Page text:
"It's not that, honey," she replies, but soon falters, because it sounds fake and sort of lame, like a line from a cheesy soap opera. "They were kids, both a little older than you are now." A chill runs through her when this thought hits her. Quinn was about a year older than Beth when she got pregnant. It's almost unimaginable. "They couldn't raise a child. They both loved you. I know it's not comforting in any way, but they did love you."

"How can you love a child and give it up?"

It's a difficult question, and there's so much pain hidden behind each word, as though it has been building inside her for fifteen years. The intensity of it catches her off guard for a moment, but she's prepared. She has been prepared for years.

"You can't help loving what's becoming a part of you, but sometimes you just don't have any other choice." She means every word, having been there herself, but she isn't sure Beth will detect the dual meaning of the statement. "Can you imagine yourself right now, at your age, raising a baby?"

Beth shakes her head almost instantly. Her eyes are wide again, and she can see the idea horrifies her.

"This is what it would have been like for her if she kept you. I know it's difficult, to live with the thought someone has given up on you, but try to remember it isn't easy being on the other side, being the one who gives up."

She doesn't refer to Quinn anymore, and Beth seems to realize it now. She nods, but says nothing.

"And sometimes, if fate is kind, life will grant you a second chance."

"This is how it was for you and Auntie Rachel?"

"Exactly." The tension has dropped considerably; it feels safe to smile. "And in a way, meeting Rachel in the first place has led me to you. So it's all worked out better than I hoped."

"Do you think that maybe, when I'm older, we could try and find her?"

"If this is what you want, of course."

She remembers her vow. She would deny Beth nothing. But deep down, some primal instinct is coming to life, and this is the one thing she wishes she could deny her. Because who knows how life has treated Quinn Fabray? She doesn't want Beth to hunt down this stranger. She doesn't want her frail, inexperienced daughter to get hurt by whatever she might find. She wants her to be satisfied with the love she's provided her with. More than anything, she doesn't want to share her with anyone. She knows it's a selfish wish, but the impulse is stronger than her.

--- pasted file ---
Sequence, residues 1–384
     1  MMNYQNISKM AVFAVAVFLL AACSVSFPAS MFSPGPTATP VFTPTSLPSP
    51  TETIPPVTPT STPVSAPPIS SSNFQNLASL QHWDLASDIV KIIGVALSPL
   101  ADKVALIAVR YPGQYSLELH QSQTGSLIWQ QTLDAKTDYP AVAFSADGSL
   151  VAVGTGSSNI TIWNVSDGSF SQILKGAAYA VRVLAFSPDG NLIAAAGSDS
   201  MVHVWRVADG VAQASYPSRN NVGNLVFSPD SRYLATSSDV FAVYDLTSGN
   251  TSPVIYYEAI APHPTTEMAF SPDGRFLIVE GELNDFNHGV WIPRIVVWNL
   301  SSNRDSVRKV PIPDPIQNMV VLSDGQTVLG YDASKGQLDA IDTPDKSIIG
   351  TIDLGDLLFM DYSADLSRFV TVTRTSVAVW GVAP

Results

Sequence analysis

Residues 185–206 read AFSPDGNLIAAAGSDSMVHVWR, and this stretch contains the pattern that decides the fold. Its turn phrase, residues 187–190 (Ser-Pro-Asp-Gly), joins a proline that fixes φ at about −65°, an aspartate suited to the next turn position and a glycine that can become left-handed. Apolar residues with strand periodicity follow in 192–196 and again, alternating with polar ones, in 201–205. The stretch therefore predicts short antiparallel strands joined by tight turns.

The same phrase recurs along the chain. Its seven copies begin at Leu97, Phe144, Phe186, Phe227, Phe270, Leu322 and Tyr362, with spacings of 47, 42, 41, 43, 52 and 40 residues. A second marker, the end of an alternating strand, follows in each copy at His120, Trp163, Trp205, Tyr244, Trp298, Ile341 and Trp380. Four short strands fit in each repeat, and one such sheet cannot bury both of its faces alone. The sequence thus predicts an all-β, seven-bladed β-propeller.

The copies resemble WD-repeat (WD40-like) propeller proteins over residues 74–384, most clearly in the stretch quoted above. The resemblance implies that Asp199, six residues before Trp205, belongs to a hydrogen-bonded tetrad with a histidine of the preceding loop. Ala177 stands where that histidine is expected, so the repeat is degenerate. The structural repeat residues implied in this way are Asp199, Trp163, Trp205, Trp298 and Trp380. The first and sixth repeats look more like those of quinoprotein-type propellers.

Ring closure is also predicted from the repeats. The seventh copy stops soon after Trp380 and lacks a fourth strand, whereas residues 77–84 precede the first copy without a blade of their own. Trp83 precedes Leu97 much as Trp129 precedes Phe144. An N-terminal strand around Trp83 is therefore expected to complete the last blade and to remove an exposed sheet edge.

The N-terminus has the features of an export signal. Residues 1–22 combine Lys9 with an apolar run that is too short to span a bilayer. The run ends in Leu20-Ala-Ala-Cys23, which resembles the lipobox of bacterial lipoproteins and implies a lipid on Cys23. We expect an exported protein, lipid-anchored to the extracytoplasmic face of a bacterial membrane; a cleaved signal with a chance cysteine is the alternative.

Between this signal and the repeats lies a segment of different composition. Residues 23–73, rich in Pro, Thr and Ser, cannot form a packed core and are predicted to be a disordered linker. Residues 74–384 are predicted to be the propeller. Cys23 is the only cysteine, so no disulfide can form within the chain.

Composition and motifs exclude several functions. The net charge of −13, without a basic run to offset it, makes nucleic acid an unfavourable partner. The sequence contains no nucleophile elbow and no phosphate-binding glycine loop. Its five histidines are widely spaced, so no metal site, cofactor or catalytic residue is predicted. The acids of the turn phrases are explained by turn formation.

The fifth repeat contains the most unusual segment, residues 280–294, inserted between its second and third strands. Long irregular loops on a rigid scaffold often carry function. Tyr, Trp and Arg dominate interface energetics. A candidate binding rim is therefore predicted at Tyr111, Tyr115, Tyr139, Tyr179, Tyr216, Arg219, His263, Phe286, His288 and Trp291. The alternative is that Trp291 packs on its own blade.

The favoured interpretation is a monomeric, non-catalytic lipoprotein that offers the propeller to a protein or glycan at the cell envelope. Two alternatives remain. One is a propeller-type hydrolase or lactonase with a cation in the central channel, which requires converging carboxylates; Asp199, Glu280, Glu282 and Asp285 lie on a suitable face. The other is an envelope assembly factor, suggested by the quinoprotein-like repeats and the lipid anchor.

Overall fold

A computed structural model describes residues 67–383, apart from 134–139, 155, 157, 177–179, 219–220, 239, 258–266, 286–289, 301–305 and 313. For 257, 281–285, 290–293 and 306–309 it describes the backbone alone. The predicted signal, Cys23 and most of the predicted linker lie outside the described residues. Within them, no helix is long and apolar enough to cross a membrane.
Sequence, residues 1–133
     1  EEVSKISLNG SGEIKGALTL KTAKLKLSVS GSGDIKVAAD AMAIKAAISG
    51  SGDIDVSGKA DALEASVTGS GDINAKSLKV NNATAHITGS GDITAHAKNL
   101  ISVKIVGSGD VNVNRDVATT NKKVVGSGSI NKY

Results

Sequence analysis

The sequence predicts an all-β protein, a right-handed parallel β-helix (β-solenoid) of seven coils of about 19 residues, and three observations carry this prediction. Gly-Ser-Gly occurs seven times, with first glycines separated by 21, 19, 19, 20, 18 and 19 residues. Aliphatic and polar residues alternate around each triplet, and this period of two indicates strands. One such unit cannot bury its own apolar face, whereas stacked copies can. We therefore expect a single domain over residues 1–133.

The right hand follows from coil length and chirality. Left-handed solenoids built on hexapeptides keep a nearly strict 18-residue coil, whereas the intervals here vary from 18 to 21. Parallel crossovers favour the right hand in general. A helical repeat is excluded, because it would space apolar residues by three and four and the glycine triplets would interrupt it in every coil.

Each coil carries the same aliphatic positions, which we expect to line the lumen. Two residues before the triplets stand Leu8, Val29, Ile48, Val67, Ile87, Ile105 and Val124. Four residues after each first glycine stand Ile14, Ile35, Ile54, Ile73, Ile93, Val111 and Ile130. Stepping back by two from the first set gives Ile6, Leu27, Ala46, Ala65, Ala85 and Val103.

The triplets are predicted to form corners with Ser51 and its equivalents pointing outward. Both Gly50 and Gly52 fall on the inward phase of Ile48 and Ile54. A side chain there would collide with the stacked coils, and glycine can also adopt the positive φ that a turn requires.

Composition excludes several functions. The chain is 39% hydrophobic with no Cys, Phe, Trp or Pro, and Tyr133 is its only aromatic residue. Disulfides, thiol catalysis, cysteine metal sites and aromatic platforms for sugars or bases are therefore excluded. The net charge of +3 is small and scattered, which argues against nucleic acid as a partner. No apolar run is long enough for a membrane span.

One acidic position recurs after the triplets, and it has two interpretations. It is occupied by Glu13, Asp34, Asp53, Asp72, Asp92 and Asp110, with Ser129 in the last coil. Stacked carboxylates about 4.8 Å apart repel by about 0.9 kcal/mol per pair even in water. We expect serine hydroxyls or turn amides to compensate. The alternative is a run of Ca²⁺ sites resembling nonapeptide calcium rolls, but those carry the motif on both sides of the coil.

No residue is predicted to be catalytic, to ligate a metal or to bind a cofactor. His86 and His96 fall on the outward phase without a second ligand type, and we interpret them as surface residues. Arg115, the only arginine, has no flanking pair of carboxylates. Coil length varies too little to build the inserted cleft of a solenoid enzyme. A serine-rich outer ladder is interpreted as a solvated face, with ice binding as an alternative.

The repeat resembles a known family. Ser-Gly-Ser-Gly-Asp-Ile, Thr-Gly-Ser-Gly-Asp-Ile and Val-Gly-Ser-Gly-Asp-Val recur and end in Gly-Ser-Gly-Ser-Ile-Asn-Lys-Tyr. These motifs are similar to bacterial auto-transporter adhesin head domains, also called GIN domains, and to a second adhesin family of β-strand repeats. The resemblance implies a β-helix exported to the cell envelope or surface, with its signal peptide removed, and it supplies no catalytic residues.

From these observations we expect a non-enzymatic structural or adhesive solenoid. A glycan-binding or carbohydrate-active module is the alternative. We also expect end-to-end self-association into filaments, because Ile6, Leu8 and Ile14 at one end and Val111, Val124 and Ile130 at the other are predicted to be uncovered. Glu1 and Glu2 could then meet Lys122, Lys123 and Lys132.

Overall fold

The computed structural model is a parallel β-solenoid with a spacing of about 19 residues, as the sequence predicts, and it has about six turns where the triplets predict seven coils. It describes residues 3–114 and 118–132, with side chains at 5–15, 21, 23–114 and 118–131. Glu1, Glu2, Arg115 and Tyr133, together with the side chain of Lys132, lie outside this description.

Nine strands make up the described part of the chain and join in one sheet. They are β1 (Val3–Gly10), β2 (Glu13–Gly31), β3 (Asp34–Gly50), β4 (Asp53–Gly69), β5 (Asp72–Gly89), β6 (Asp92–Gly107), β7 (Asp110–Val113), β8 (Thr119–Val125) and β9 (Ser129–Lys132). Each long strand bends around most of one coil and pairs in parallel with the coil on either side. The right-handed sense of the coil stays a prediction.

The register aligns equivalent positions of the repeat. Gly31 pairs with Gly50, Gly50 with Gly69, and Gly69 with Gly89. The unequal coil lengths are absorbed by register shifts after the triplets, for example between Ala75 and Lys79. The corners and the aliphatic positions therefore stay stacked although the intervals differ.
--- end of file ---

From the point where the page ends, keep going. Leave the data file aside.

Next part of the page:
A softer, smaller hand is covering hers. The touch startles her, and she gasps. Beth's eyes are intent on hers; it's as though she can decipher her every thought. Heat rushes to her cheeks because she knows her daughter guesses what she's been thinking of. She doesn't want Beth to resent her for the way she feels. She knows this one thought has the power to destroy everything she's struggled to build for fifteen years. She can't read the expression on her daughter's face, so she's just sitting there, fearing the worst.

But when Beth is ready to respond, she squeezes her hand lightly and a smile breaks on her lips. "She may be my mother, but she's not my mom."

Her heart skips a beat because the words are familiar. They have been her words once. She recognizes the tightness in her throat and wraps her arms around Beth just before the tears swell in her eyes. "That's right," she whispers. She knows that despite her efforts, Beth has sensed the storm the words have stirred. The small arms tighten around her ever so slightly.

As they sit there holding one another, she tries to put herself in Quinn's place. It will be dishonest of her to preach Beth on second chances, and then deny one from Quinn just because she dreads the consequences. She had been in Quinn's place once, and she was raging when Rachel's dads denied her the right to know her daughter. She'd been so much more than a portable womb, she used to complain to whoever was willing to listen. If it hadn't been for her…

And this is when she realizes. Quinn has given Beth life. If it wasn't for Quinn, she wouldn't have the one thing she'd been yearning for – a chance at family. She doesn't know where Quinn is right now. She doesn't know if she's left this thing behind her, or whether, like her, she longs for her daughter to find her. She must allow Beth to search for her biological mother if she wants, not just because it's her right to do so, but because it's the least she owes Quinn.

Slowly, resolutely, she loosens her grip on her daughter. Beth looks up at her; her eyes are moist as well. She smiles through tears; she's no longer ashamed for crying. "I think I know where we could start."

She gets up and offers Beth her hand. Beth looks puzzled, but she takes the offered hand and stands up. For the next few hours, the work of packing is forgotten as they lay on her bed with the magazine open between them. It may end up at being nothing at all, but it is their first step in tracing the whereabouts of Quinn Fabray.